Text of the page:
In any case, as for deciding what to go into it's up to you really. As far as age goes I'd say you introduce your kid to as many sports as you can very early on and then let them find something that interests them. If it's a fairly technical sport and they really, really love it then let them keep on doing that. If it's more athletic based depending on how power, strength or endurance based they are introduce them to something similar to things they like to develop other coordination aspects. If it's something common like football or basketball which require pretty much elite fitness with a power bias just avoid too much endurance. Simple stuff like that it seems.

Last edited by Steven Low : 12-04-2007 at 07:28 PM.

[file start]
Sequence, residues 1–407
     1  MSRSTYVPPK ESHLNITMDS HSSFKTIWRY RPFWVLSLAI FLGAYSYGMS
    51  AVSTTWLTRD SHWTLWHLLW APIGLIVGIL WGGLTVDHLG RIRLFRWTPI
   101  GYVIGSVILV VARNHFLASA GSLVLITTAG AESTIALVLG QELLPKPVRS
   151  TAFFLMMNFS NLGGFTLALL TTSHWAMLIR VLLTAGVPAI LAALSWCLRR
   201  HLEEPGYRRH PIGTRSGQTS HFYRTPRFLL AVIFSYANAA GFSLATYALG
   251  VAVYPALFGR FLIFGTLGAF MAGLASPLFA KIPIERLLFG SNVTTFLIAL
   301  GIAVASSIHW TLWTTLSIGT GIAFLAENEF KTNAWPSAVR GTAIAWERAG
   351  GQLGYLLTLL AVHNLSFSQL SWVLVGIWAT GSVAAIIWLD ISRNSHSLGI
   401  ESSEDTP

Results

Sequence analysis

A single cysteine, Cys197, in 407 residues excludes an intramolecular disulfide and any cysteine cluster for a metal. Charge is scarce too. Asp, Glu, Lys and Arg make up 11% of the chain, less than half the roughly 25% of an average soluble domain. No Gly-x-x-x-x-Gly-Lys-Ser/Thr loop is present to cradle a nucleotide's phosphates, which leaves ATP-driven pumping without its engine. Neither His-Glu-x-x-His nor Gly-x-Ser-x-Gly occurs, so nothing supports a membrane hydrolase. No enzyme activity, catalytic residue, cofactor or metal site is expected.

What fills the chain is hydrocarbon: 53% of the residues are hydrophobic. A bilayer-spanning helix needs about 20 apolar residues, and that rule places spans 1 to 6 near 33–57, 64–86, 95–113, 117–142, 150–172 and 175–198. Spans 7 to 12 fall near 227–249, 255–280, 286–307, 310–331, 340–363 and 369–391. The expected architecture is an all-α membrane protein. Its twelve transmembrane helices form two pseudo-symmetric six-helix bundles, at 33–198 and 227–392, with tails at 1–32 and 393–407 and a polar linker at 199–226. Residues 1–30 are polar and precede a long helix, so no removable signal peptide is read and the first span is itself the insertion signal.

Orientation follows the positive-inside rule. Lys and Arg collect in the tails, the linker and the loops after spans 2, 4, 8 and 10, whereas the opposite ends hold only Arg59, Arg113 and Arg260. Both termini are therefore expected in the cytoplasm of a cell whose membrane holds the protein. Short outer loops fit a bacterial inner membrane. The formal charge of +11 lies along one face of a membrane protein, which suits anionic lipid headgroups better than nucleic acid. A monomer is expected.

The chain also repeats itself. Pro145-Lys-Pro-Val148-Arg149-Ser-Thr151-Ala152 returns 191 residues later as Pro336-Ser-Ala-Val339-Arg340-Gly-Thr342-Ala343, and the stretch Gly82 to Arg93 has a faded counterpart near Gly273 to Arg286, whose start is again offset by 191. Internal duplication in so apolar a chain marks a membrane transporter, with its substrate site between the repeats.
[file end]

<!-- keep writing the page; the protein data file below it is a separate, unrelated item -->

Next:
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Old 12-04-2007, 07:59 PM   #22
Steven Low
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Re: goals and elite fitness vs. elite athletes

Well, that's if your kid wants to eventually play sports and compete professionally..

Otherwise I'd just say play as many sports as possible to develop good proprioception, coordination and all that good stuff.
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Old 12-04-2007, 09:19 PM   #23
Steven Anderson
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Re: goals and elite fitness vs. elite athletes